Copyright © 2002 by South-Western 5–26 Determinants of Personality Nature (heredity)Nature (heredity) The assumption that part of personality is biologically- based and predetermined. Nurture (environment)Nurture (environment) The assumption that personality is shaped primarily by life experiences, especially those of early childhood.
Copyright © 2002 by South-Western 5–27 Dimensions of Personality Self-esteem (self-concept)Self-esteem (self-concept) How individuals perceive themselves in terms of their abilities, competencies, and effectiveness. LowSelf EsteemHigh Incapable Incompetent Insignificant Unworthy Capable Competent Significant Worthy
Copyright © 2002 by South-Western 5–28 Self-Esteem Dimensions Global self-esteemGlobal self-esteem Role-specific self-esteemRole-specific self-esteem Job-based self-esteemJob-based self-esteem Organization-based self-esteem (OBSE)Organization-based self-esteem (OBSE)
Copyright © 2002 by South-Western 5–29 Other Dimensions of Personality Locus of controlLocus of control The degree to which people believe their actions determine what happens to them in life. Internal locus of control—occurs when people believe that internal factors (their skills and abilities) are the determinants of their destiny. External locus of control— occurs when people believe that external factors such as luck, other people, or organizations are the determinants of their destiny.
Copyright © 2002 by South-Western 5–30 Measuring Locus of Control TABLE 5–1 Source: Derived from Rotter’s I-E test. J. B. Rotter. 1971. External control and internal control. Psychology Today 5(1):37–42, 58–59.
Copyright © 2002 by South-Western 5–31 Other Dimensions of Personality (cont’d) MachiavellianismMachiavellianism Based on the writings of Niccolo Machiavelli who advocated a psychologically detached and unemotional behavioral approach by individuals to organizational participation in meeting their personal objectives. The belief that it is appropriate to behave in any manner that will meet one’s own needs. The primary focus is on obtaining and using power as a means to further one’s own ends, regardless of its impact on others.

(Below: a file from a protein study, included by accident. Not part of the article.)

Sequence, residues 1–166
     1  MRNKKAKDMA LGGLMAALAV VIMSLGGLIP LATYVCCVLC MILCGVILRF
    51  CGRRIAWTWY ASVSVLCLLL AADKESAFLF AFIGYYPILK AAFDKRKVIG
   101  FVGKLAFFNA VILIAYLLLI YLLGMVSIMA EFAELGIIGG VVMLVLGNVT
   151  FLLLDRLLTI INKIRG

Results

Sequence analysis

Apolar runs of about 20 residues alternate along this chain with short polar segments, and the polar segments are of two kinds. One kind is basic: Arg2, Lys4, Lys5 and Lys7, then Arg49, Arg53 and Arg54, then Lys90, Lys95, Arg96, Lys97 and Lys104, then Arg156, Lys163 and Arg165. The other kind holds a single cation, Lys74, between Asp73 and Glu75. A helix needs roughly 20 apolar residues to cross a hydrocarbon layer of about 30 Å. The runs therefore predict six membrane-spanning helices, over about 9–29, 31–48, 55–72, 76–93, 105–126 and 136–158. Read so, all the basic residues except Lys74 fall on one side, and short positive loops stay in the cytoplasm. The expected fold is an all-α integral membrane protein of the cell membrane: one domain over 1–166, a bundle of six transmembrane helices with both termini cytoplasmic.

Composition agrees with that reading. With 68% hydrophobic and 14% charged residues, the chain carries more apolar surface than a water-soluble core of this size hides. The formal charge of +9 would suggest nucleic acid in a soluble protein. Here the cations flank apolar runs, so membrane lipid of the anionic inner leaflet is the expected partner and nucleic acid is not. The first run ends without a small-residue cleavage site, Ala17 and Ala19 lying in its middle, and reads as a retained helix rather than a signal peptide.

Copyright © 2002 by South-Western 5–32 Other Dimensions of Personality (cont’d) The “Big Five” personality theoryThe “Big Five” personality theory The view that all personality traits can be distilled into five big ones: Extroversion—outgoing/withdrawn Adjustment—flexible/rigid Agreeableness—cooperative/uncooperative Conscientiousness—thorough/sloppy Inquisitiveness—curious/disinterested
Copyright © 2002 by South-Western 5–33 Cultural Differences Among Organizational Members Culture definedCulture defined How a society perceives the world and how it should operate based on the beliefs, values, attitudes, and expectations for behavior that the society believes to be good, effective, desirable, and beneficial. Culture Knowledge Beliefs Laws Morals Art Assumptions Customs Habits Institutions Parenting Education Religious activities Law enforcement Entertainment Future Generations
Copyright © 2002 by South-Western 5–34 Cultural Awareness and Managers Culture affects:Culture affects: The success of expatriate employees in overseas assignments. The effectiveness of management practices and leadership styles in different cultures.
Copyright © 2002 by South-Western 5–35 Cultural Dimensions (Hofstede) Individualism-collectivismIndividualism-collectivism The degree to which individuals in a society prefer to act as individuals, as opposed to a group. Power distancePower distance The acceptance of large differences in power between the most and least powerful in society. Uncertainty avoidanceUncertainty avoidance The degree to which cultures differ in the extent to which they tolerate uncertainty.
Copyright © 2002 by South-Western 5–36 Cultural Dimensions (Hofstede) cont’d Masculinity-femininityMasculinity-femininity The degree to which a society displays mostly traditionally male or traditionally female traits. Time orientationTime orientation The degree to which cultures possess a short or long perspective on time.
Copyright © 2002 by South-Western 5–37 Cultural Differences for Ten Countries Source: G. Hofstede. 1993. Cultural constraints in management theories. Academy of Management Executive 7(1):81–94. TABLE 5–3
Copyright © 2002 by South-Western 5–1 Chapter 5 PerceptionPerception Understanding PeopleUnderstanding People.
“ WE DON’T SEE THINGS AS THEY ARE, WE SEE THINGS AS WE ARE.”
Perception involves the way we view the world around us. It adds, meaning to information gathered via the five senses of touch, smell, hearing, vision.
1Organizational Behavior / Perception. “ WE DON’T SEE THINGS AS THEY ARE, WE SEE THINGS AS WE ARE.”
INDIVIDUAL DIFFERENCES. The Individual Interpersonal Influence and Group Behavior Organizational Processes Skills & Abilities Perception Personality Attitudes.
INDIVIDUAL DIFFERENCES: PERCEPTION. The Individual Interpersonal Influence and Group Behavior Organizational Processes Skills & Abilities Perception Personality.
8 Chapter Foundations of Individual Behavior Copyright ©2011 Pearson Education.
8 Chapter Foundations of Individual Behavior Copyright ©2011 Pearson Education, Inc. Publishing as Prentice Hall.